Sunday, September 27, 2009

Types of Language Learners

Individuals can be either sequential or simultaneous language learners. The purpose of this blog is to describe the differences between sequential and simultaneous language learners.

Sequential Language Learners
Sequential language learners are those individuals that learn one language first and second or more languages after the first language have been established (usually after age three). An example of a sequential language learner is a child that learns Spanish at home as an infant and learns English once he/she goes off to school. Individuals that move to a new country and learn a new language are also sequential language learners.

Simultaneous Language Learners
Simultaneous language learners are those individuals that learned 2 or more languages at the same time. Simultaneous language learners are usually those individuals that grew up with 2 or more languages at home. This process occurs during infancy while the child is learning language for the first time. Most of the time, these children have at least one parent that speaks more than one language and/or lives in a community where more than one language is spoken. For example, the child has a nanny that speaks a different language with him or her.

Which learning type is best?
Young children can learn multiple languages easily because their brains are wired to do so. Young children’s brains are forming and characterized by plasticity that makes learning easier. Within ages 0 to 3 most children learn the basics of the language or languages present in their environment. At age 3, most children are able to communicate successfully in the language or languages used at home. After age 3, children continue to learn a language, but it is more about learning new vocabulary, expanding the complexity of their sentences and ideas and improving the pronunciation of sounds and words. Since the brain is open to acquire languages at an early age, simultaneous language learning is ideal.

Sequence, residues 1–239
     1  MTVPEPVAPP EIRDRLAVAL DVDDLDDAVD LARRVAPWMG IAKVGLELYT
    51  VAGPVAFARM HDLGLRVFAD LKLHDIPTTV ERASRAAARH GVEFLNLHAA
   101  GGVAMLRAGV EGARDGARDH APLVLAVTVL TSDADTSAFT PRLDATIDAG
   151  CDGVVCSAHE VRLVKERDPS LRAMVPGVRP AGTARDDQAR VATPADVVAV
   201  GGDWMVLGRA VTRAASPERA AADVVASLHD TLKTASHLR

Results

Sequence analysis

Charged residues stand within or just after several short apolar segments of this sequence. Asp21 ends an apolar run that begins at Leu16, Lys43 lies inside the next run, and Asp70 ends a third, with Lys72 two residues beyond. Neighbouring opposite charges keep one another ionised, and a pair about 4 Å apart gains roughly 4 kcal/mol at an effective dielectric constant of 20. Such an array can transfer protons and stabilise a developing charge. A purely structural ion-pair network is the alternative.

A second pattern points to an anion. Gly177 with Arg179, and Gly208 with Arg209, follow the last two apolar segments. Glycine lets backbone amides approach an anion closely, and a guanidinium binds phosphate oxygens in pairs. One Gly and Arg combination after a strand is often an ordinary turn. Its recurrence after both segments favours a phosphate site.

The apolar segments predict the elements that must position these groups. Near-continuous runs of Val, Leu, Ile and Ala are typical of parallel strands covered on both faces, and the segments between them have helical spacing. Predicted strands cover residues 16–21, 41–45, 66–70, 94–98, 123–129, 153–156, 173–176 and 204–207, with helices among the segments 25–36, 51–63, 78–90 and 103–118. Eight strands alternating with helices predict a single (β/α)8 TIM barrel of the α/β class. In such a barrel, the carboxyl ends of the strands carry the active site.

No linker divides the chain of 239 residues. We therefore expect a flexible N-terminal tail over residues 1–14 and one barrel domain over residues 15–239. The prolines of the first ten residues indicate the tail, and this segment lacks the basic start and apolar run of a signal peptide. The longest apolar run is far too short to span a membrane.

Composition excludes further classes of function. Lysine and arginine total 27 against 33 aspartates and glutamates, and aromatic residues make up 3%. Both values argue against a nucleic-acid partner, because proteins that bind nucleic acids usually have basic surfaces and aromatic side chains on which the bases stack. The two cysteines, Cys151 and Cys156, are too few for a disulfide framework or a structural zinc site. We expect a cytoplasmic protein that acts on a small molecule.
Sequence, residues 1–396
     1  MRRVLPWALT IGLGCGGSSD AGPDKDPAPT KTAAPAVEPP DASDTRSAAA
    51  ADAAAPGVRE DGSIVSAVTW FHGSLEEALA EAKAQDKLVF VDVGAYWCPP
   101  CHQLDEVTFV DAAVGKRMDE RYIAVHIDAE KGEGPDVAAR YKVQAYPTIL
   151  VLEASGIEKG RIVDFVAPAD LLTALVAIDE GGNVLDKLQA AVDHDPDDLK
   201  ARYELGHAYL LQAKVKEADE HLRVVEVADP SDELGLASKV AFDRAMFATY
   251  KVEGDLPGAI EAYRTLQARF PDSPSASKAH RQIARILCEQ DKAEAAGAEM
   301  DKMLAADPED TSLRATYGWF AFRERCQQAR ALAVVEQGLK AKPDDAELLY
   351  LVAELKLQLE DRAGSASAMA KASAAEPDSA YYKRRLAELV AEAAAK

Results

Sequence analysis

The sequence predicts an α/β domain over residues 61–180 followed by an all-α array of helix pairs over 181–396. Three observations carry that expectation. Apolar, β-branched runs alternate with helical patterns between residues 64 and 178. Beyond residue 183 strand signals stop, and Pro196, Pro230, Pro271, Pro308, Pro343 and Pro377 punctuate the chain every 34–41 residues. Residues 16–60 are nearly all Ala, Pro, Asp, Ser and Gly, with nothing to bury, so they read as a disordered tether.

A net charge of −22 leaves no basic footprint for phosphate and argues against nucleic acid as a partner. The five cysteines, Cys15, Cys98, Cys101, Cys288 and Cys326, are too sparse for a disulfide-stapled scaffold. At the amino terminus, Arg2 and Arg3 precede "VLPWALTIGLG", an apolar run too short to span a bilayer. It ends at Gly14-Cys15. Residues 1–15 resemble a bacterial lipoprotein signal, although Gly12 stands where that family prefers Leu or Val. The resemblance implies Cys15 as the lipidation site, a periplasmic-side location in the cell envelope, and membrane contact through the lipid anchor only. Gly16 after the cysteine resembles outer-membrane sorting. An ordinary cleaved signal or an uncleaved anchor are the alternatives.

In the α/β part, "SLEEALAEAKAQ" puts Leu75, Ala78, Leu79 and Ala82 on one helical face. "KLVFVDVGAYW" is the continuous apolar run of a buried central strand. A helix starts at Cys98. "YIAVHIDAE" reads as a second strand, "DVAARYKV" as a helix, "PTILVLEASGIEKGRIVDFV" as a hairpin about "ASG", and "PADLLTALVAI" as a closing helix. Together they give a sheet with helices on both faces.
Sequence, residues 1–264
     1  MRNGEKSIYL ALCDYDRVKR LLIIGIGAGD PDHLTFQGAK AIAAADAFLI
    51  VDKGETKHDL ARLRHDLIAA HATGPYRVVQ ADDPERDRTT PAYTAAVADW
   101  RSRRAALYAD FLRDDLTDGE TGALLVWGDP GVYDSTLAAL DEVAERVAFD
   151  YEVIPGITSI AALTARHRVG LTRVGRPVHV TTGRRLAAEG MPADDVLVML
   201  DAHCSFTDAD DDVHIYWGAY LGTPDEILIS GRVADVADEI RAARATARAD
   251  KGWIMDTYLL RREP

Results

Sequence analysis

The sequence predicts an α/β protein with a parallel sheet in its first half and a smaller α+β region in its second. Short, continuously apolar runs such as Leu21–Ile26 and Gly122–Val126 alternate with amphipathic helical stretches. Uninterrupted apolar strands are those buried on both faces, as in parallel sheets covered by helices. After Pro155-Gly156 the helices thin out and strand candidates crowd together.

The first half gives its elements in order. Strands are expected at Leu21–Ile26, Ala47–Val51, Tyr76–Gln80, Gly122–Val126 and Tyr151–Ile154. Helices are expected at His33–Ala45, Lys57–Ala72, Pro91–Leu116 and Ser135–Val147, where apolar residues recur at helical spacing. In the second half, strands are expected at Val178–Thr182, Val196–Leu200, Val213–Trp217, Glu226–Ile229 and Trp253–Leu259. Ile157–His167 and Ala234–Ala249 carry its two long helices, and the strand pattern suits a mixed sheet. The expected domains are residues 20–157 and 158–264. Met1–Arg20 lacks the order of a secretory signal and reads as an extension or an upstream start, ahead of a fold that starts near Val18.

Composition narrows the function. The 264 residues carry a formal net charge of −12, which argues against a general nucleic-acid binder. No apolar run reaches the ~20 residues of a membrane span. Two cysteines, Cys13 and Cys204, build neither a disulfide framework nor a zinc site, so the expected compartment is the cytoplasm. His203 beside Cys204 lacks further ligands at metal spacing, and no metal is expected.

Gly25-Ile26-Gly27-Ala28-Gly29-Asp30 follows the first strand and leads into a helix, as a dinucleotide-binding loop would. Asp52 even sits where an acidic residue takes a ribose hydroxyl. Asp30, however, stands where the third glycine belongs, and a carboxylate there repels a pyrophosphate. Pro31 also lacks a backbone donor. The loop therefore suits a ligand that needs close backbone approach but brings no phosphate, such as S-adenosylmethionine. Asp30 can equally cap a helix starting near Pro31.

This does not mean that learning languages in a sequential manner is not a good idea. Preschool and school age children continue to develop their brains, and they can easily learn a second language as well. Their brains continue to show high degrees of plasticity, which allows them to learn easily. The best example of sequential language learners is children that attend a second language immersion program where they learn a new language. In these immersion programs, typically all the school activities take place in the second language that the children are learning. The children are exposed to the new language all day while at school. When the children go home, they continue to speak the language spoken at home and/or the community. These children are usually successful at learning a second language because they are exposed to that language a significant amount of time each day. They are also successful because they are learning the new language the same way they learned the first language, through everyday meaningful activities.

Adults, on the other hand, do not have the same brain plasticity that children do. This makes learning a second language a harder task. In Spanish, there is a popular saying that refers to this issue, “Loro Viejo no aprende a hablar”/ “An old parrot does not learn to talk”. Although this saying is not 100% true, it is harder for adults to learn a second language because their brains do not have the plasticity and flexibility to do so. For instance, adult brains cannot perceive foreign language sounds not present in their language as easy as the brains of children can.